An interesting brood symptom you may come across in a weak hive in the spring is Bald Brood. Bald brood is caused by the Lesser wax moth (Achroia gresella) or the Greater wax moth (Galleria mellonella.) You can see in the image below the linear pattern of uncapping that occurs due to the wax moths tunneling behavior. These symptoms can sometimes be confused as hygienic behavior; I have included an image showing some hygienic behavior of uncapping. One visible difference between hygienic behavior vs. bald brood is that there is no linear pattern of uncapping sealed brood with hygienic behavior. Colonies with bald brood often…

Continue Reading →

Unknown Brood Damage

Posted 4/17/2013 This blog was changed from the original post. The title has changed from Pesticide brood Kill to Unknown Brood Damage. This change was in response to the comments I have received both on this blog and by emails, I want to clarify a few of my comments. First, I regret the original title of the blog as correctly noted; I had no concrete evidence that it was a pesticide brood kill. No pesticide analysis was done on the pollen or bees because, as I mentioned in the comments section, this beekeeper knew what was being sprayed, when it was being sprayed and the…

Continue Reading →

European Foulbrood (EFB) Part 2.

The most problematic pest beekeepers encounter in the United States today is the varroa mite. The varroa mite (Varroa destructor) is an ectoparasite associated with spreading disease, pathogens and reducing the lifespan of male and female honey bees. The mites accomplish this by creating wounds in honey bees with piercing/sucking mouthparts, then feeding on the hemolymph within. Research suggests that these mites transfer single-stranded RNA virus between bees, along with infections of bacteria, including Melissococcus pluton (EFB). This type of bacterial infection of larvae or pupa is considered a secondary infection, since the mite initiated the process and the bacteria followed. EFB is normally transmitted…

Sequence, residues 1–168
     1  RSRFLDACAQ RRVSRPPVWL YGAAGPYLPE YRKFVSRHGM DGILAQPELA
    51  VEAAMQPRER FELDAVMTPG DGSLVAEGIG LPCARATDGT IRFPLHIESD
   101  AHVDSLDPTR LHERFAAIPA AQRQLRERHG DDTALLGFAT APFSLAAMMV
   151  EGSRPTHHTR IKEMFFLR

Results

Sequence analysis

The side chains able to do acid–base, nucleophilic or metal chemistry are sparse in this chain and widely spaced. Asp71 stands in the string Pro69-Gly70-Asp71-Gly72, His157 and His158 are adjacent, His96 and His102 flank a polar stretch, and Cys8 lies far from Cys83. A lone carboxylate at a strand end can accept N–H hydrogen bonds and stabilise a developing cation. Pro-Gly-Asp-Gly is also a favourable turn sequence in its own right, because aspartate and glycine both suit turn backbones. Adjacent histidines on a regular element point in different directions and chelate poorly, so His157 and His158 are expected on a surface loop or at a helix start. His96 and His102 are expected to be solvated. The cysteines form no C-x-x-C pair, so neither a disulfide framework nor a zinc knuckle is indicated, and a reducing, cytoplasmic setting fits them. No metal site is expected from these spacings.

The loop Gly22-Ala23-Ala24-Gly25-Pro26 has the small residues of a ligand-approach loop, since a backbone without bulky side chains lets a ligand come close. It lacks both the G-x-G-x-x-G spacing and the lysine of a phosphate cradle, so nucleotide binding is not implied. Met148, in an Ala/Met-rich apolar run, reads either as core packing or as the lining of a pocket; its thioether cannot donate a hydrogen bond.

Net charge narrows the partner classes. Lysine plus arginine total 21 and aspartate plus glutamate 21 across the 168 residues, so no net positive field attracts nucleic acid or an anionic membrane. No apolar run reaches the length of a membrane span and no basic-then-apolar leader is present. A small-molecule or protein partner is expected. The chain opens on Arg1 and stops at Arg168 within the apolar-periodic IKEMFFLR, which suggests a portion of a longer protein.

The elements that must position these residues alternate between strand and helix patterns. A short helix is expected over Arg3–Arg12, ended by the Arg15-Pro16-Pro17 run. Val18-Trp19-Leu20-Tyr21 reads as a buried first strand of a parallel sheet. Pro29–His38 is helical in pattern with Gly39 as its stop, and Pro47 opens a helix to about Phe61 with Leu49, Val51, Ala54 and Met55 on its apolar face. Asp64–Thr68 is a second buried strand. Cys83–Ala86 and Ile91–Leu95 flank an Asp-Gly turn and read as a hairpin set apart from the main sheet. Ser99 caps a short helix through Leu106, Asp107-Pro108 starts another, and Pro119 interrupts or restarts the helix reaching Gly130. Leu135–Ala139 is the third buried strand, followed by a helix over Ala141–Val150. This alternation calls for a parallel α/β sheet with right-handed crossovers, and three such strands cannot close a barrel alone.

Continue Reading →

How to make a Sugar Roll jar

A sugar roll test is a simple way to monitor your varroa mite loads without killing a lot of bees. It is easy and fast and only a few items are needed. To make a sugar roll jar you will need a few supplies. You can get these supplies at a home improvement store and the grocery store. • Wide mouth quart canning jar with a two piece lid. You can use other sized jars as long as there is a two piece lid. • Screening-#8 mesh (8 squares per square inch) is preferred but you can use other screening as long as it allows…

Continue Reading →

Purple Brood

Liz and I spent a week in Southern California taking samples for the National Honey Bee Disease Survey. We came across purple brood – something I had never seen before. The larvae had a bright purple hue to them along their gut line. It was quite pretty. After some research, it seems that the most likely cause for purple brood is nectar from the plant Cyrilla racemiflora (common names are southern leatherwood or summer titi). It is poisonous to the brood, so beekeepers either have to move their colonies away or take the loss. Only one colony of the eight we sampled had it, so…

Continue Reading →

Be Involved. Be Included.Bee Informed.

Donate Now ! →